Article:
Currently, all of the PLAN’s SOF units sit within the SSF, part of the Southern Theatre Command.

The PLA Navy SOF is currently organised as follows (Blasko, 2015b; Wood, 2016):

  • Dragon Commando.
  • PLA Navy Marine Corps:
    • 1st Marine Brigade, containing a SOF unit; and
    • 164th Marine Brigade, containing a SOF unit.
  • Support units.

“The PLA Navy (PLAN) South Sea Fleet and two Marine brigades have subordinate SOF units…” (McCauley, 2015a).

3.1     Dragon Commando (蛟龙突击队)

The main SOF unit of the PLA Navy is the Dragon Commando (蛟龙突击队) and is regarded as a Special Forces unit. Aid (2014) states “The PLA Navy’s commando team is the ‘Jiaolong,’ which means ‘Sea Dragon.’”

The Dragon Commando is a regiment-sized unit, located in Sanya (Blasko, 2015b), and was established during the 2000s as part of the South Sea Fleet (Military Training International, 2016).

“Equipped with black uniforms, this unit’s first publicly known mission was to accompany three Chinese war ships in protecting and escorting commercial ships against Somali pirates in December 2008, in cooperation with other nations as part of a UN mandate.” (Aid, 2014).

3.2     PLA Navy Marine Corps

“The PLA Marines are considered an elite special operations force, and theoretically therefore ‘punch above their weight class.’” (Isajiw, 2013).

PLA Navy Marine Corps (PLAMC), consisting of the 1st Marine Brigade and the 164th Marine Brigade, are regarded as Elite Forces units.

The two brigades have approximately 6,000 personnel each, making a combined total of 12,000 personnel (Blasko, 2010; Isajiw, 2013; Kamphausen & Lai, 2015). The PLAMC has both male and female personnel, since 1995 (Qian, 2013; Lai, 2016).

Both Marine brigades, converted from Infantry brigades, are under the operational command of the SSF and located near Zhanjiang, Guangdong Province (Wood, 2016). The PLAMC is headquartered in Beijing and reports directly to the Commander PLA Navy for administrative purposes (Global Security, 2017). The brigades are led by either Captains or Senior Captains (OF-5).

Blasko (2010) reports the two brigades have roughly the same organisational structure, as follows:

  • One or two amphibious armoured battalions each composed of 30-40 amphibious tanks or assault vehicles.
  • Four or five infantry battalions, some are mechanized with 30-40 amphibious infantry fighting vehicles (IFV) or armoured personnel carriers (APC).
  • An amphibious reconnaissance unit probably composed of two or more, smaller ‘frogmen’ and special operations (SOF) units, including a unit with roughly 30 female scouts.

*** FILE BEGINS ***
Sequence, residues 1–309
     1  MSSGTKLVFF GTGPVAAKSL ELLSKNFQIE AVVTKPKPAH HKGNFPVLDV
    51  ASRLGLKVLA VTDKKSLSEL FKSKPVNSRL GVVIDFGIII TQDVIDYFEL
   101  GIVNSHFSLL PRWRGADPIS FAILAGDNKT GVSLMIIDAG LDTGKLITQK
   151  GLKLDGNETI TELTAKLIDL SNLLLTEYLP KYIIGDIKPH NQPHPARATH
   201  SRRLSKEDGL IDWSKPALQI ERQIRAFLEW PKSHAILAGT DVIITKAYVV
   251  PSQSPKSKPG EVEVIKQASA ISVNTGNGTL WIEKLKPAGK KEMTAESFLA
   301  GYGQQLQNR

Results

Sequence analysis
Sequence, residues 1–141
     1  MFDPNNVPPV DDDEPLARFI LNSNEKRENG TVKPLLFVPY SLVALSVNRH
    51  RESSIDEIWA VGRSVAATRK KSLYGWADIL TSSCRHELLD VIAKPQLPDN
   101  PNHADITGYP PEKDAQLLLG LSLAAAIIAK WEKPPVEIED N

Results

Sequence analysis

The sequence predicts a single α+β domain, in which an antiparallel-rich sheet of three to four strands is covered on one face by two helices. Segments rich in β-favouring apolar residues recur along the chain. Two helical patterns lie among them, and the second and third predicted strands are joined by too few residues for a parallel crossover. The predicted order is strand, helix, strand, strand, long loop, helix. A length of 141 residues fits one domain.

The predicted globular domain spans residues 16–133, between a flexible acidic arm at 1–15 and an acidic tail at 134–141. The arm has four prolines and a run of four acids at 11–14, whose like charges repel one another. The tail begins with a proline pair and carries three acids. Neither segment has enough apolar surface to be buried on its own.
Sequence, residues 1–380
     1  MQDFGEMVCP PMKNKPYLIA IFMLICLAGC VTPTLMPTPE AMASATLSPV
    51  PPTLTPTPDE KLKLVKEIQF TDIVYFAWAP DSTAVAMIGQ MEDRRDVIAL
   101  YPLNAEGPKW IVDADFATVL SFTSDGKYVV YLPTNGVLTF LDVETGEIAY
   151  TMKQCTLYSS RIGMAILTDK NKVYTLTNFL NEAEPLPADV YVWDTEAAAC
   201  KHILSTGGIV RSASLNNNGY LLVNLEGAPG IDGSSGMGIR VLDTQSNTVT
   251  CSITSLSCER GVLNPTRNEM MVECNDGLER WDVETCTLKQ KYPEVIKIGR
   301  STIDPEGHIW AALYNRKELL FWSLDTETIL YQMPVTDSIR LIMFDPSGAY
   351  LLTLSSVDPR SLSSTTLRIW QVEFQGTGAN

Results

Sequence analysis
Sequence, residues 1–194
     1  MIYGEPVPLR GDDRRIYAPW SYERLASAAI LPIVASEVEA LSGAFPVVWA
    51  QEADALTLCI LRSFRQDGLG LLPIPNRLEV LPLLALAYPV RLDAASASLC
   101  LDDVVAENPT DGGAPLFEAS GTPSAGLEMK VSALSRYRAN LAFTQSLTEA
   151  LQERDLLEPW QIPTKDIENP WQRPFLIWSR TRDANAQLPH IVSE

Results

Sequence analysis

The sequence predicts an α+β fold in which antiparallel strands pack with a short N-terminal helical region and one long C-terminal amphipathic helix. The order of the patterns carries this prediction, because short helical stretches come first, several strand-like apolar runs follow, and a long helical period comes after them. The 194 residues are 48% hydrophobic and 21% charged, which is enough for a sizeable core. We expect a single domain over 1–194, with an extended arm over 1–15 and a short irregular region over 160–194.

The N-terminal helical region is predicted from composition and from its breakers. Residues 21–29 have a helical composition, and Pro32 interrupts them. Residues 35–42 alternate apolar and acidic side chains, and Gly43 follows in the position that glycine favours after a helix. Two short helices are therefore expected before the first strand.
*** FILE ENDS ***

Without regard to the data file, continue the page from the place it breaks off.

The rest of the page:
• A self-propelled artillery battalion.
  • A missile battalion with an anti-tank missile company and an anti-aircraft missile company with man-portable surface-to-air missiles.
  • An engineer and chemical defence battalion.
  • A guard and communications battalion.
  • A maintenance battalion.

Unlike their US Marine Corps counterparts, PLA Marine Forces are not assigned organic aviation or amphibious shipping assets. Instead, the helicopter unit(s) subordinate to the SSF provides both transport and firepower support, there is a similar relationship for sea transport with the SSF landing ship flotilla.

The two brigades also have a small SOF unit (Fendui) each (Blasko, 2015b).

In 2015, Kamphausen and Lai (2015, p.182) stated “There is no evidence that the current marine corps of just 12,000 personnel will be expanded.” However, by 2017, it was reported by the Hong Kong-based South China Morning Post that “China plans to increase the size of its marine corps from about 20,000 to 100,000 personnel to protect the nation’s maritime lifelines and its growing interests overseas, military insiders and experts have said.” (Chan, 2017).

The South China Morning Post (Chan, 2017) went on to state “that two brigades of special combat soldiers had already been moved to the marines, nearly doubling its size to 20,000, and more brigades would be added. The PLA marines will be increased to 100,000, consisting of six brigades…”

It is believed that most of this apparent growth would largely be achieved by moving four existing Amphibious Mechanised Divisions from the PLA Army to the PLA Navy (Global Security, 2017). However, it is reported that “China will add a third [special operations] brigade that will undergo a transformation such as special training and learning how to conduct amphibious operations.” (Global Security, 2017); possibly the 77th Motorised Infantry Brigade of the 26th Group Army Group which transferred to the PLA Navy in February 2017.

3.3     Support Units

Amphibious ship and helicopter units of the PLA Navy support Navy and Marine SOF units.

4.0     Selection and Training